Living our Catholic Identity

Commitment to environment rooted in faith

By Mount Mary University

Posted on April 20, 2023

Share on social media

By Vice President for Mission and Justice Andrea Stapleton, Ph.D.

Commitment to the environment is a top priority for everyone from schoolchildren to world leaders. For Catholics, care for the Earth is more than good habit-building, but also a spiritual practice.

In 2015 Catholics and non-Catholics warmly received Pope Francis’ encyclical, “Laudato Si,” in which he urged all people who share our common home, Earth, to adopt a change of heart and committed action to care for our planet.

This encyclical took an interdisciplinary approach to environmental concerns while grounded in theological principles and Catholic spirituality. He appealed to Saint Francis of Assisi, patron saint of ecology, opening with words from the Canticle of the Creatures: “Praise be to you, my Lord, through our Sister, Mother Earth, who sustains and governs us, and who produces various fruit with colored flowers and herbs.”

Praise, thanks and urgency

The document concludes with two prayers written by Pope Francis, “A Prayer for our Earth” and “A Christian Prayer in Union with Creation.” From beginning to end, Francis grounds his work in words of praise and thanks
for God the creator.

Care for creation is not a new principle of Catholic teaching, but is rooted in the earliest books of the Bible with the story of creation. Stewardship of creation has taken shape theologically and has inspired numerous spiritual practices over the centuries. Now it is deemed a moral imperative in response to the urgent problems that people around the globe are experiencing due to the climate crisis.

Many Catholic organizations have responded to this principle of Catholic social teaching. Organizations like the Catholic Climate Covenant and Laudato Si movement have become resources for education and support for Catholic churches and institutions. These organizations serve to mobilize institutions, churches and individuals to work together to improve the environment and to inspire the change of heart called for by the Pope. Catholic campuses are eager participants in this, especially since the environment is a top concern of college students.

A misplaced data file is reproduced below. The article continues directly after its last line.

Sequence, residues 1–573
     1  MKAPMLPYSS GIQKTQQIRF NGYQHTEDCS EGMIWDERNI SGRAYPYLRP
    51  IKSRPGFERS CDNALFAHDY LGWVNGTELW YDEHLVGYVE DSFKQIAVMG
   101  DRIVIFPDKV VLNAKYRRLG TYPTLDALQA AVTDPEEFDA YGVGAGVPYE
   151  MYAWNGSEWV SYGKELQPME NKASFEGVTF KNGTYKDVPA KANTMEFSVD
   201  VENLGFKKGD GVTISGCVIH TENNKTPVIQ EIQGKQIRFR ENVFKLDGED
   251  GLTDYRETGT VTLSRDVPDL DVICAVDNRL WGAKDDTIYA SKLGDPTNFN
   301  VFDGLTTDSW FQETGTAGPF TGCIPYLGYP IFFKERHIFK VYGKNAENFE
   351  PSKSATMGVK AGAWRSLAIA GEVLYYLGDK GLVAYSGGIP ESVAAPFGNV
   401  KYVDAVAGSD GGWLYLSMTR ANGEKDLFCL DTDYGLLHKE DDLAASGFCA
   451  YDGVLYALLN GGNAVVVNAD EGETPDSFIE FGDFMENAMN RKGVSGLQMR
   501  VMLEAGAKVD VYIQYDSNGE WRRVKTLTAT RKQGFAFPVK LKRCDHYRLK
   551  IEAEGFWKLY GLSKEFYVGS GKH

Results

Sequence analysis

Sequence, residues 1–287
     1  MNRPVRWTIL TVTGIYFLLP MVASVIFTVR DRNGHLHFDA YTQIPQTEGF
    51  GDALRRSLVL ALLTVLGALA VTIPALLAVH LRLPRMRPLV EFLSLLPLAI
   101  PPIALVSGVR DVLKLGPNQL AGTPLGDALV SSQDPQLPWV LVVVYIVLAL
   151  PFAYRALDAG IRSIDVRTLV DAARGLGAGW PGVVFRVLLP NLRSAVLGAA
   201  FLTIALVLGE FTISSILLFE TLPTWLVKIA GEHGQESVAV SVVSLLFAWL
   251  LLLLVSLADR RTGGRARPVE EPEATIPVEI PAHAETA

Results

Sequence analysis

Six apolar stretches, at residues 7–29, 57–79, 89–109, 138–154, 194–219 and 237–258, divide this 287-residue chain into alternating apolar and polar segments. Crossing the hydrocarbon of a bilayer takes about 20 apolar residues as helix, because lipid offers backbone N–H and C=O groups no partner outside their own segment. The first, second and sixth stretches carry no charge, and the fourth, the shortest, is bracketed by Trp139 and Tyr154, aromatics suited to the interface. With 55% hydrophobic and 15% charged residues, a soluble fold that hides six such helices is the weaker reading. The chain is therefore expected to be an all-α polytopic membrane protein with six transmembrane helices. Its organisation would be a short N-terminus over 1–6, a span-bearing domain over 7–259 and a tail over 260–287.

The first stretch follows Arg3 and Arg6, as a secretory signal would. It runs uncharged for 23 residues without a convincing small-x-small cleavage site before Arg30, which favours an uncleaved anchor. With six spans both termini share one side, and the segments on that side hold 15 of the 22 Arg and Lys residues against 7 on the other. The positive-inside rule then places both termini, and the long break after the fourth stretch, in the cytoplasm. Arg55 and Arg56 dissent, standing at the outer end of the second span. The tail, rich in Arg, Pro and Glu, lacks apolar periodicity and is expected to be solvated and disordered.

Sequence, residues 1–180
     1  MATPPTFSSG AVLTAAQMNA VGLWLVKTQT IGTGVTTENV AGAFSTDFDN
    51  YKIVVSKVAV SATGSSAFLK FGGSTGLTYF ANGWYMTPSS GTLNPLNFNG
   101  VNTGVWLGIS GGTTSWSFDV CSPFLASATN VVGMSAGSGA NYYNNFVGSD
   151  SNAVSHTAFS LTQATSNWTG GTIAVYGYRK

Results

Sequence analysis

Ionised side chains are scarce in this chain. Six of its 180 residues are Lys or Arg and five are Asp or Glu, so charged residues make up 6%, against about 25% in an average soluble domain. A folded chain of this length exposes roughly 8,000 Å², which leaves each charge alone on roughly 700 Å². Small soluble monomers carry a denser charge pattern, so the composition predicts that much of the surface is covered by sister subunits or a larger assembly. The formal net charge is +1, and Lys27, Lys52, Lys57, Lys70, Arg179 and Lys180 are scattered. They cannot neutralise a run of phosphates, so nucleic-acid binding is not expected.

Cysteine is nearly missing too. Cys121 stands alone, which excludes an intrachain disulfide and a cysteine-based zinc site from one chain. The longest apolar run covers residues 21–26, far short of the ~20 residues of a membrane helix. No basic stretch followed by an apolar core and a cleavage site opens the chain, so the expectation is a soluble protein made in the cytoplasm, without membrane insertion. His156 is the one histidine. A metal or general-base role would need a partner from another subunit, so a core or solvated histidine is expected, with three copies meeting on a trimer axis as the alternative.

Our response to the call

Mount Mary is joining other universities in responding to Pope Francis’ call to conversion and action through prayer, education, action and reflection.

In 2019, Mount Mary faculty and staff established the Sustainability Committee, consisting of staff, faculty and students. It is led by Carol Julin, registrar’s assistant for advising technology. The Mount Mary land manager, Colin Goyette, is very involved in the group as well. The sustainability group meets regularly to set strategic priorities and plan opportunities for the Mount Mary community. We have a Laudato Si liaison to ensure that our efforts connect our community to the spirituality of environmental consciousness. Our efforts are often accompanied by educational opportunities, outdoor prayer and activities that offer eco-spirituality and nature immersion.

Most of our activities build awareness of environmental issues. In spring of 2022, we hosted monthly sustainability challenges, which raised awareness while also offering some fun and community building. This spring we will have a campus-wide environmental service day and a workshop on the Laudato Si movement.

Campus makes improvements

We have a compost area on campus where we can leave trimmings for a partner company to pick up and reuse into garden-grade compost. We are avoiding thousands of gallons of gasoline on removal and have almost planted 200 seedlings through our waste diversion. We are thus reducing landfill while creating fertile composts that can be used in gardens and prairie restoration.

We have plans to begin units of prairie on campus. This will deter pests from inhabiting our buildings, reducing pest control costs (and many panicked
students)! Prairie grass root systems will hold soil in place to prevent runoff into the Menomonee River basin.

Our campus forest is being managed by our wonderful land management staff to increase biodiversity of plants and animals. We have cut back on the use of herbicides to restore soils back to their former strength and to simulate the native environments that once thrived on our campus.

We utilize indoor and outdoor recycling, which reduces landfill while increasing mindfulness towards Earth-healthy habits. We utilize refillable water stations to reduce single-use plastics and encourage people to bring reusable containers to events.

We are living out our call to care for our common home; every act showing care for our human family and all of God’s creations around the planet.